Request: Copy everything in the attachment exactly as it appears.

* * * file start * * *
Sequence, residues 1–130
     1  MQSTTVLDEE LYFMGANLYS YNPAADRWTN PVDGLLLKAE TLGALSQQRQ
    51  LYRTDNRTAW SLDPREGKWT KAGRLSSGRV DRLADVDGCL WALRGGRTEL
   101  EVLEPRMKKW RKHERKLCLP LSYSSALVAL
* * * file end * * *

Sequence, residues 1–130
     1  MQSTTVLDEE LYFMGANLYS YNPAADRWTN PVDGLLLKAE TLGALSQQRQ
    51  LYRTDNRTAW SLDPREGKWT KAGRLSSGRV DRLADVDGCL WALRGGRTEL
   101  EVLEPRMKKW RKHERKLCLP LSYSSALVAL